Thursday, January 28, 2010

daring young men -- no trapeze

Little girls dressed as Cinderella.  A boy with one glove and a gold lamé top hat -- as if Michael Jackson was playing the Mad Hatter.  Three brothers in foam rubber trick ties.

The line waiting for the midnight showing of The Rocky Horror Picture Show?

Not in Barra de Navidad.  They were a portion of my comrades standing in line for Wednesday's circus performance.

I mention only children because at least 70% of the audience was children.  From toddlers to teens.  And they were as juiced up on circus love as any children could be.

Now and then each child would stare intently at the tent flaps as if it were the entry to a womb of magic and mystery.

OK.  Let me take off my Carlos Castaneda* sombrero for a moment.  No more Mexican mysticism for this post. 

My night at the circus was not a night at the opera.  There was plenty of humor.  But none of it Marxist. (Groucho, that is.  Not that sauerkraut Karl.)

At least half of the acts were clownish.  In the manner of clowns.  Clowns in a Mexican sense.

The children thoroughly enjoyed them.  But their childish Spanish is better than mine.  Even though I suspect we both managed to miss most of the double entendres aimed at the adults -- who laughed in that hide-it-from-the-children manner that every parent manages to develop.

Everyone laughed at the clowns.  Mainly at slap stick routines that are older than yours truly.  One classic -- the mirror mime -- is as old as the Marx Brothers, if not older.

Even the appearance of the satanic Barney brought whoops of joy.  The purple dinosaur may be recognized as a saint in Mexico, for all I know.  His image was plastered on placards right up there with the Lady of Guadalupe.

But there was more. 

A very Mexican version of the Cirque du Soleil silks -- cool and arrogant in silver and shades.  Quite good, but far too short. 

A unicyclist with the johnny one note trick of skipping rope while pedaling.

The unicyclist then did a reprise as a high wire artist where he rode across the wire on a -- unicycle.

And "trained" animals.  A zebra.  A horse -- with running mounts and dismounts by the silk aerialist.  And 3 misbehaving Shetland ponies, who did more back biting than a Senate caucus.

The tiger and leopard that were displayed in trailers towed through Barra to draw in the crowds did not make an in personam appearance.  After watching how well the ponies were trained, I was happy enough to forgo the possibility that a leopard might decide to sit in my lap rather than jump through a fiery hoop.

And capitalism was served.  Clowns shilled trick ties and squirting noses.  Acrobatic boys sold rides on a mean-spirited pony.  (Reminding me of an unfortunate event at one of my half-sister's grade school birthday parties.  I think it may have been where I learned the phrase: "Want to see where the horse bit me?)  And vendors sold the usual array of sugared goods to keep children whizzing around the big top.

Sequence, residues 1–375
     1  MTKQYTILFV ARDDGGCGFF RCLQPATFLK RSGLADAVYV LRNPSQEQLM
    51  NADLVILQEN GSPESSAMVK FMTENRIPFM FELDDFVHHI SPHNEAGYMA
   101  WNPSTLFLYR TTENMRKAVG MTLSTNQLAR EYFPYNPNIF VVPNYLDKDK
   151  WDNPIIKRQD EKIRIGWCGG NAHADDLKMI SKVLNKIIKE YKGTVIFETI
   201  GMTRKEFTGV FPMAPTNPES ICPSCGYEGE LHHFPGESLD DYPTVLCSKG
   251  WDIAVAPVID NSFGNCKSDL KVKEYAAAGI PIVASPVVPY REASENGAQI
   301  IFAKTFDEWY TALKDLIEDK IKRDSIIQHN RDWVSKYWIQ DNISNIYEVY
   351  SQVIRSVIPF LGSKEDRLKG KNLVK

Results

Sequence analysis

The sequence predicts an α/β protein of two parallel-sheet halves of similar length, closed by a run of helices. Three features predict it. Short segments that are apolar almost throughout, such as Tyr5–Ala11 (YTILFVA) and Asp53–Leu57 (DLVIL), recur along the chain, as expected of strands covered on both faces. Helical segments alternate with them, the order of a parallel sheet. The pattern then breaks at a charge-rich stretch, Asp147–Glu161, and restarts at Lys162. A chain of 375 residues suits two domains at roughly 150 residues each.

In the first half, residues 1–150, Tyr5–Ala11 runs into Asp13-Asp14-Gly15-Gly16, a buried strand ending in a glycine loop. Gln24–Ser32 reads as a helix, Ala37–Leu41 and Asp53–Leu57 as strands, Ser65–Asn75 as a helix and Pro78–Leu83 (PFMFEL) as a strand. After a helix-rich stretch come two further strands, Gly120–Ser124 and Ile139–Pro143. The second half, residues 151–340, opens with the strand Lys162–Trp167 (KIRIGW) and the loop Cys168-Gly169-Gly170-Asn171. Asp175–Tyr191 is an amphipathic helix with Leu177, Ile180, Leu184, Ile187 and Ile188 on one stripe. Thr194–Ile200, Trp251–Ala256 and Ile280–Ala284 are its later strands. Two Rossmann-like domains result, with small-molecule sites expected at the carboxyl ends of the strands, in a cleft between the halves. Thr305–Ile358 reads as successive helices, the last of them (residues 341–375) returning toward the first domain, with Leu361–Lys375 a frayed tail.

The sales pitches actually raised my spirits.  A recent poll concluded that Mexicans see themselves as one of the most non-socialist people in Latin America. 

Having toted up the experience, I reluctantly conclude that the circus was a bit lame.  I wanted to like it.  And I did not expect a whole lot from it.

But I have seen under-financed circuses that managed to create a world of mystery -- even a tawdry one.

This one didn't.

I am glad I went -- having surrendered to the spirit world of the zebra, tiger, and leopard.  But I doubt I will walk in their shadows again.

* --
Yes, I know Castaneda is Peruvian.  But the reference is a literary device; not a literature course.


Mic said...

Oh well, thanks for going in search of the magic. Believe it's always better in old memories.

Sounds as tho some of the little ones liked it.

"....the woods would be very silent if no birds sang there except those that sang best..."

Calypso said...

Certainly not a literature course - but it could be noted that Castaneda was a naturalized U.S. citizen who died in 1998. He was cremated and the ashes were sent to Mexico - all his mystic writing was 'experience' he had in Mexico - so it fits better than you might have led us to believe ;-)

I don't think Don Juan would have been a circus fan - incarcerating wild animals would not have been his thing.

Anonymous said...

Sauerkraut Marx? And then you have the temerity to slip in that Mexico sees itself as the least socialist country in the world?

You remind me of my late auntie who would give me lectures about the dangers of alcohol while sipping her sherry.

My suggestion is another dose of circus mysterium to dislodge you from your dogmatic reality.

I would even buy you the ticket, even though I would have to see it as another stealth tax on the poor to those who ride around town in Cadillacs.


Steve Cotton said...

Mic -- The children were enthralled. They eat up corny humor.

Calypso -- Once again, I am correct for all the wrong reasons. My only concern about the wild animals is that they seem to be caged for no reason other than to draw folks. It makes me wonder if the cats ever get out of those tiny cages. Maybe the real animal trainer was on vacation.

ANM -- Ah. I knew you would hear the vocal pun in sour Kraut.

1st Mate said...

I remember that circus from last year. I even saw the big cats when they were on the road and stopped for gas, felt so sorry for them in the heat. Didn't actually go see the performance, but we passed the tent often and I was curious. Now my curiosity is satisfied, a year later. Gracias, amigo.

Steve Cotton said...

1st Mate -- Now you know.